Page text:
BioMed Central recently issued a draft statement on open data. The details aren't earthshaking; you can read them yourself if you care to.
What I'm interested in is whether this manoeuvre puts BMC in a good position to disrupt other journals, particularly those announcing that researchers with supplementary material can go climb trees.
I'll repeat myself:
See, one of the lesser-known bits of Christensen’s market-disruption pattern is that the disrupting force needs to start out by “competing against nonconsumption.” You can’t take on the incumbent on its own turf; the incumbent will eat your lunch and you for dessert. (What’s the lesson for institutional repositories here? Starting with peer-reviewed journal articles was a doomed strategy, that’s what. Those are the crown jewels. The incumbents own those.) You have to find something else to work with, something unused or underserved that the incumbents turn up their august noses at—a low-end market, a different raw material—establish a market beachhead there, and expand your beachhead over time.
I do think it significant that it should be an open-access publisher taking up the data gauntlet when toll-access publishers won't. There's an asymmetry there worth examining.
For a toll-access publisher, data is a cost center, pure and simple, and one that they can't make any additional money from. Why can't they? Because their business model is based on closing off access, and closed-but-nominally-published data is becoming more useless by the day. If a research dataset can't be found quickly and computed upon at will—someday this may be translatable to "if it's not part of the linked-data web"—there's no point to "publishing" it. So our toll-access publisher has three unappetizing choices: refusing the data (in which case researchers who value their data may go elsewhere), opening the data (which will lead to awkward questions about why the accompanying papers aren't open too), or taking on a significant new cost center just to keep up with the BioMed Centrals of this world.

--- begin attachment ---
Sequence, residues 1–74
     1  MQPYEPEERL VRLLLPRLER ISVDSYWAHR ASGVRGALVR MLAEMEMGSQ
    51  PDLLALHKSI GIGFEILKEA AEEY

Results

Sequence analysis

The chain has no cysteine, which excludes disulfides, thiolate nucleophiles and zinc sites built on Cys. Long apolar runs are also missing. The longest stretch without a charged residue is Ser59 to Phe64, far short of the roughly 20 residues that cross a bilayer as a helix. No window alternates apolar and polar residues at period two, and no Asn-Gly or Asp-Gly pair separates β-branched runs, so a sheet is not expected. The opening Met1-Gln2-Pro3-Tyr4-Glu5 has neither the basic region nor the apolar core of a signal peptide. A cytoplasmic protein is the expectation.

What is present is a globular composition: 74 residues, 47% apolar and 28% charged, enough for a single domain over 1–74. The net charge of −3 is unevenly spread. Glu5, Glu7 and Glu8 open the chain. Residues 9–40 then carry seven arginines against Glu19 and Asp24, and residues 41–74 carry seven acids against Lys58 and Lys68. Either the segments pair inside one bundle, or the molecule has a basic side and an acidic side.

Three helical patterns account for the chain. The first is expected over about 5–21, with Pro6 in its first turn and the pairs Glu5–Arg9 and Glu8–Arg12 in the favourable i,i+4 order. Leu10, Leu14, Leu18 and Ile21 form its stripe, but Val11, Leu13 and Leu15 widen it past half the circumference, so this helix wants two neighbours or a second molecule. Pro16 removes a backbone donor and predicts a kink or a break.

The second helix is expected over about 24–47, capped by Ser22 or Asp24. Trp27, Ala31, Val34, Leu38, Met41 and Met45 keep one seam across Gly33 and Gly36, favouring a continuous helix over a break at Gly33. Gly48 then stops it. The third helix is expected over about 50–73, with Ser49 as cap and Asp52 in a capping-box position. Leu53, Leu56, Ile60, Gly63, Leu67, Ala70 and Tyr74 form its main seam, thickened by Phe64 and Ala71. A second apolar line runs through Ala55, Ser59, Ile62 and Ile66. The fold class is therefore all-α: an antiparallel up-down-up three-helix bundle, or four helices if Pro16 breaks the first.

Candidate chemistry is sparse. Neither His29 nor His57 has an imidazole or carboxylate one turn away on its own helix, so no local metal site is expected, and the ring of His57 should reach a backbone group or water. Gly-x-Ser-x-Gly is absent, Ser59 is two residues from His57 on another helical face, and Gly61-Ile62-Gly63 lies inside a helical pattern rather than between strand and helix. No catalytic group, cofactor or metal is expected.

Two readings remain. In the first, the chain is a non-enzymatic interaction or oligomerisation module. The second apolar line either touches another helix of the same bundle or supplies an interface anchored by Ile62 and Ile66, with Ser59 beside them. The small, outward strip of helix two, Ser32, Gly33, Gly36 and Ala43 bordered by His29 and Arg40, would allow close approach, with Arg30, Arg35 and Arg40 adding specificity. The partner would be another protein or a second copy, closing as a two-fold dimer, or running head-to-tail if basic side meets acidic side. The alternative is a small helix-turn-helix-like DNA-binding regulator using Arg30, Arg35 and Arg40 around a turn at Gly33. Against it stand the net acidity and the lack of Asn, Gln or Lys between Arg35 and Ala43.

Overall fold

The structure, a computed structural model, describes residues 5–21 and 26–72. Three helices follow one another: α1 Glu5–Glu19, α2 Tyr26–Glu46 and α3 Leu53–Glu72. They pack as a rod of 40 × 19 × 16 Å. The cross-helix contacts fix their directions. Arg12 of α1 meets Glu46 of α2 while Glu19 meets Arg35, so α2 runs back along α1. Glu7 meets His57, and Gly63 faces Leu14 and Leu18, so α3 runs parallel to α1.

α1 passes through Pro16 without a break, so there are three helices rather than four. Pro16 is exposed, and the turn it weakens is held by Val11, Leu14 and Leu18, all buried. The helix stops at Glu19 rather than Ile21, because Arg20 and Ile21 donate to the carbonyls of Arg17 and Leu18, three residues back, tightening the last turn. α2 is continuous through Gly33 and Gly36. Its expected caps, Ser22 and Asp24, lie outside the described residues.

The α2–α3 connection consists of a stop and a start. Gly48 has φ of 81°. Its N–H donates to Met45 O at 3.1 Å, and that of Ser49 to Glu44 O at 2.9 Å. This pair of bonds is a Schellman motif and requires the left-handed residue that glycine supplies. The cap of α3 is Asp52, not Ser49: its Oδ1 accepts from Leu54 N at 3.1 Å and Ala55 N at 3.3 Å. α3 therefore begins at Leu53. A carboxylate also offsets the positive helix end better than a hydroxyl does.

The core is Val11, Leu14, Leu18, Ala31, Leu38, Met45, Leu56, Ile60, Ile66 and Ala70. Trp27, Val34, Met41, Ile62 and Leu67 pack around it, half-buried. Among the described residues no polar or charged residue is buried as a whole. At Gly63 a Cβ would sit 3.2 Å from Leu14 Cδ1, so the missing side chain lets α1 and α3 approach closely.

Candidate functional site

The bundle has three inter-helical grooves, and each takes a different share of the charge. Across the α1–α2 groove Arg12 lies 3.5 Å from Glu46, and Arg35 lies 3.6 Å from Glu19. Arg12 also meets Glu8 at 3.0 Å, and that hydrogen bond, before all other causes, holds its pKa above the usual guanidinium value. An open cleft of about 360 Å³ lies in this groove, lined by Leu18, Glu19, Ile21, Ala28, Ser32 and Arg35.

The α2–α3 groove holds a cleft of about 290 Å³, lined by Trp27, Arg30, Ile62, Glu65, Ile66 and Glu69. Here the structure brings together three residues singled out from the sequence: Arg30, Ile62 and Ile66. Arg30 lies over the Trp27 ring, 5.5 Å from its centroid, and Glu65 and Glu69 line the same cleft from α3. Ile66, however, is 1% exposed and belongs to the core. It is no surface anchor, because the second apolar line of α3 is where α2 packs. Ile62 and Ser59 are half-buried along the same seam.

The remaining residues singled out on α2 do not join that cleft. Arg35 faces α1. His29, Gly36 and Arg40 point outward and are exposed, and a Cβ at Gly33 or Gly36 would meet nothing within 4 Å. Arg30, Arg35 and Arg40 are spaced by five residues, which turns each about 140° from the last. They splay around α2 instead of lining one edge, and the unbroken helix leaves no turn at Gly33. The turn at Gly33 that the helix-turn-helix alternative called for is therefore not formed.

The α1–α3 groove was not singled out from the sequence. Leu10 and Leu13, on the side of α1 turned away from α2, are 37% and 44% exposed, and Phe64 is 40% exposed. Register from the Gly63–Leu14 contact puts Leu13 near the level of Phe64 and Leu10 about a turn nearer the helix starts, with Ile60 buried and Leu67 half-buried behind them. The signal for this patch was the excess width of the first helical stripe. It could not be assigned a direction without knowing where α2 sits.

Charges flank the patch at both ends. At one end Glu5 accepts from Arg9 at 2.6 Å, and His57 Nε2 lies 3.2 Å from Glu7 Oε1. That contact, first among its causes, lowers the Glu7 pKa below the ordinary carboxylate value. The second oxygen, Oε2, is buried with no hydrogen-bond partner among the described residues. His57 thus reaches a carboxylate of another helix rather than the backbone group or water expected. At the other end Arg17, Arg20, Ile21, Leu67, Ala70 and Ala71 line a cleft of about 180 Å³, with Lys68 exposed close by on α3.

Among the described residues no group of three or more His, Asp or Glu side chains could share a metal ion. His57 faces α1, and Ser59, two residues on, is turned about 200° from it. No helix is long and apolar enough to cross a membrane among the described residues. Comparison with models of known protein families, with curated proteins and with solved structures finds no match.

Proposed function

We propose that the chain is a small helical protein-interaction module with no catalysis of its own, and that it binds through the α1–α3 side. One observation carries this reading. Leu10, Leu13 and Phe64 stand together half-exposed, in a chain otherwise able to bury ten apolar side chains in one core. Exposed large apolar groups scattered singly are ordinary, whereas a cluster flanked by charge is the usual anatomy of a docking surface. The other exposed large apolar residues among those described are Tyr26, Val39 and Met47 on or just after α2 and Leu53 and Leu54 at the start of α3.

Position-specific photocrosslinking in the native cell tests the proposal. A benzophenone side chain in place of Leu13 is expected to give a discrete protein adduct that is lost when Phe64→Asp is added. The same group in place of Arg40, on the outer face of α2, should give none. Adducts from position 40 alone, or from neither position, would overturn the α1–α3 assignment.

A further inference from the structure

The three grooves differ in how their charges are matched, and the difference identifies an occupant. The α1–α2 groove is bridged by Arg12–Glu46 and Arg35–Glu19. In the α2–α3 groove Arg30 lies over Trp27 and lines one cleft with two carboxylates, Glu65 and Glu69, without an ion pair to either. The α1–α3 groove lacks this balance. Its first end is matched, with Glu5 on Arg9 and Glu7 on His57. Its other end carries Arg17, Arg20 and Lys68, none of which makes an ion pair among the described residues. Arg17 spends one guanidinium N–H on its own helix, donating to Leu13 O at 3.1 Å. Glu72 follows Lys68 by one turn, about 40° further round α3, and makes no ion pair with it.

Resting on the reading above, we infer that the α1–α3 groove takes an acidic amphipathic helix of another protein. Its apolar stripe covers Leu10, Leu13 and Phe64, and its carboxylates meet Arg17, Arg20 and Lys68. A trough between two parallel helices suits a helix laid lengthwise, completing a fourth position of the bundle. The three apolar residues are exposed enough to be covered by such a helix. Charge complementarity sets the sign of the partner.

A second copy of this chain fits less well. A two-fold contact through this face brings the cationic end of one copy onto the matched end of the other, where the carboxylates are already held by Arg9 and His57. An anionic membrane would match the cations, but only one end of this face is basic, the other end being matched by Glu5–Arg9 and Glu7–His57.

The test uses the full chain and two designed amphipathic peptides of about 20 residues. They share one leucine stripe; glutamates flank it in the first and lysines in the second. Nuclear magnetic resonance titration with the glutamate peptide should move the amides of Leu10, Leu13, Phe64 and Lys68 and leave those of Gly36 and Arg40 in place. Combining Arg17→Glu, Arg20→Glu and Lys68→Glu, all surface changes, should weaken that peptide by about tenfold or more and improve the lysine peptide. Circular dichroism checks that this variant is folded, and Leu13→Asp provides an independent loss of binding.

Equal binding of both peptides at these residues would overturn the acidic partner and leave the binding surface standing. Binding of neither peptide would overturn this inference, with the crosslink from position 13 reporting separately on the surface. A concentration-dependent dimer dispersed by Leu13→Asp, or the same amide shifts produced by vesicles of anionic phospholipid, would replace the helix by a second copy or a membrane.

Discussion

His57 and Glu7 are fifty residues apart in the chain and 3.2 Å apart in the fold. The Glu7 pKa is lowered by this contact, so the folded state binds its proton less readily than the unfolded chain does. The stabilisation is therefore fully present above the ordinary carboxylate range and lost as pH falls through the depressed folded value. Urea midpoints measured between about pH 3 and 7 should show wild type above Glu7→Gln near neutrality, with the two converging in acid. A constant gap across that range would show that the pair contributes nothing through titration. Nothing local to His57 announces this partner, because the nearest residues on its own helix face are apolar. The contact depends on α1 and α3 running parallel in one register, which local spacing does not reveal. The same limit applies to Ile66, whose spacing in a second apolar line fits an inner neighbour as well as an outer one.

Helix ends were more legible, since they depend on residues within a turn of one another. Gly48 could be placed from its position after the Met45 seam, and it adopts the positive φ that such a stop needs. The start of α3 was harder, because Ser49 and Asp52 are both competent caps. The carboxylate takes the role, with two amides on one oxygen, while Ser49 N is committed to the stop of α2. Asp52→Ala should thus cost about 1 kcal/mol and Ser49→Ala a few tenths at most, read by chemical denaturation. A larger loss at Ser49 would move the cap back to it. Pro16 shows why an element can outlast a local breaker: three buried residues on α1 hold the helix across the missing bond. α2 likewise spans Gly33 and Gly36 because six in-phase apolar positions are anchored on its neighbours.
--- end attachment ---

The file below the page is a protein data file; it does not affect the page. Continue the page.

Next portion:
(Yes, there are some flourishing industries based on closed access to data, granted. They're separate from journal publishing, and they presume a type or quantity of data that people will pay for. I don't think that's true of most research-generated datasets, so my argument should hold up. As usual, though, my crystal ball is cracked and hazy, so you follow any prophecies it generates at your own risk.)
The big author-fee-supported open-access publishers, in my estimation, are focused on gaining market share right now, where "market" is defined as "attracting publishable submissions." So doing something smart with data looks likely to turn into a competitive advantage for them, and if it costs them too much, well, they're already charging, so they just figure out how to adjust their fee structure, no big deal.
Will PLoS and Hindawi follow BMC's example? I don't know. They should. Will data become the wedge that allows open-access journals to disrupt their toll-access counterparts? I don't know, and it will likely be some time before that can be assessed. The likeliest outcome is the hoary boring old "it will differ by discipline." Time will tell whether BMC has bet on the right disciplines.